We’re sharing some good news from your local library! New York City’s three library systems–New York Public Library, Brooklyn Public LIbrary, and Queens Public Library–will no longer be charging late fines on books and other circulating materials, eliminating a barrier to access and ensuring that all New Yorkers, especially those in low income neighborhoods, have free and open access to knowledge and opportunity. All prior late fees from patron accounts have been cleared allowing New Yorkers a clean slate. Combined, this is the biggest system in the country to eliminate fines.
Previously, the Bronx had around 67,000 folks who were blocked from checking out new books due to late fees. So even if those books were eventually returned, those library card holders could not check out any additional books until the fine was paid. Now, as long as patrons return the overdue books, they will not face any penalties.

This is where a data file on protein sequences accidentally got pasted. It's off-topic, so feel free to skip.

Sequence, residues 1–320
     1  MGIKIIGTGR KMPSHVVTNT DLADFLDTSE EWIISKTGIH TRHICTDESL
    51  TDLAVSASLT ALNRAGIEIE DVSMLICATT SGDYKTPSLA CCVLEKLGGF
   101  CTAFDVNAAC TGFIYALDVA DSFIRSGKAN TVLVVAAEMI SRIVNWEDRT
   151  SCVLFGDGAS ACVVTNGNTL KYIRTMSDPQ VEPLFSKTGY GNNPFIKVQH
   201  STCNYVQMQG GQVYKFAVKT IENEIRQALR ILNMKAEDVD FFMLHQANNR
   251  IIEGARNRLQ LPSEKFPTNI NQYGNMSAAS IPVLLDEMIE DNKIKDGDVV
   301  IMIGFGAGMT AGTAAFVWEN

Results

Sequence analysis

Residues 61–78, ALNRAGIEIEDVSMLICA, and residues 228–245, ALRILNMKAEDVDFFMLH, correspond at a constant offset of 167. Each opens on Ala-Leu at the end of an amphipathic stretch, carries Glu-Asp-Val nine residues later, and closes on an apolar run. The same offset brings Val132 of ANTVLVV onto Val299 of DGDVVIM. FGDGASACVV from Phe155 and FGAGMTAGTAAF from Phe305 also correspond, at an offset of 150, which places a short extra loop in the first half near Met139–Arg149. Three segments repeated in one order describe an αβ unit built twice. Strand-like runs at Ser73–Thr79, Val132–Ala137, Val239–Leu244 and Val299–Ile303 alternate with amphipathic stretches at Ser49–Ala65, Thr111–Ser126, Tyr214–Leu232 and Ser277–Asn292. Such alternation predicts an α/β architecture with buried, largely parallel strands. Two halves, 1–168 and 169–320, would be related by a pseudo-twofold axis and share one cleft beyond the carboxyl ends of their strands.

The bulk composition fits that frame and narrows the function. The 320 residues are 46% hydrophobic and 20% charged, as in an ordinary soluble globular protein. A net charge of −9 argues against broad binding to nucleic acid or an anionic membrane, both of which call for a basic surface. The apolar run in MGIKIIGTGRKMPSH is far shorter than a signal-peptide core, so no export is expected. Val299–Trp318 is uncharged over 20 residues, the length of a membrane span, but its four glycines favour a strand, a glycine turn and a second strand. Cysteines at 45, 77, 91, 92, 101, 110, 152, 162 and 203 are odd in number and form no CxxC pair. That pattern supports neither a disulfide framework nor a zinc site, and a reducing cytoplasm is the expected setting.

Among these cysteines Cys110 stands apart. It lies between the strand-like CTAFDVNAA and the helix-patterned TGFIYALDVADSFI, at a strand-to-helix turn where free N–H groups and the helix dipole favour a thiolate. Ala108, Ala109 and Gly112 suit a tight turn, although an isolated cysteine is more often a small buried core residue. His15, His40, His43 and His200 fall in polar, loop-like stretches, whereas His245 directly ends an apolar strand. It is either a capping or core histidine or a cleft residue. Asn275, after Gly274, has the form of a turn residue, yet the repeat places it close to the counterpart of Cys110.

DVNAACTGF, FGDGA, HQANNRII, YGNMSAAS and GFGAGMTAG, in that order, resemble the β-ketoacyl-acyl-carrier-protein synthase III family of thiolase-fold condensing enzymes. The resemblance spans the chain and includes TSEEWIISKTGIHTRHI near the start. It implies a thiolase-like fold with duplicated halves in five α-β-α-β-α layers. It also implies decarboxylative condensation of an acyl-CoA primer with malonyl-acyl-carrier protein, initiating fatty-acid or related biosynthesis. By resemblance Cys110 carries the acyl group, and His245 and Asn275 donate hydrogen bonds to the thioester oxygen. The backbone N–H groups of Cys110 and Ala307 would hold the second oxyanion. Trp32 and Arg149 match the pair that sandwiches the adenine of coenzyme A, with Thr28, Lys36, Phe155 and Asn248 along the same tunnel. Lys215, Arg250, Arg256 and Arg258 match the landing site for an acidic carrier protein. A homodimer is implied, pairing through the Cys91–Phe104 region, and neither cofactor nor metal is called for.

In an effort to welcome patrons back, or to libraries for the first time, NYPL, BPL and QPL will be hosting a week of giveaways and special programs at all branch locations beginning on Monday October 18-Saturday October 23. During that week, New Yorkers are encouraged to stop by, reconnect with their local libraries, check out materials, and return anything they may have at home–fine free. For info about NYPL’s welcome back events click here.
While the details are slightly different per system, generally, the new fine-free policies are:
- New Yorkers of all ages will no longer need to pay any late fees on overdue materials
- In the past, library cards were blocked if they accrued $15 or more in fines; that will no longer be the case
- New Yorkers will still need to pay replacement fees if they lose materials. Materials are considered lost after being overdue for about one month. If materials are returned, however, no fees will apply
- Cards will be blocked from borrowing additional physical materials if patrons accrue replacement fees (thresholds differ per system); note that even with a block on their cards, patrons can still access computers, e-books, and other digital services.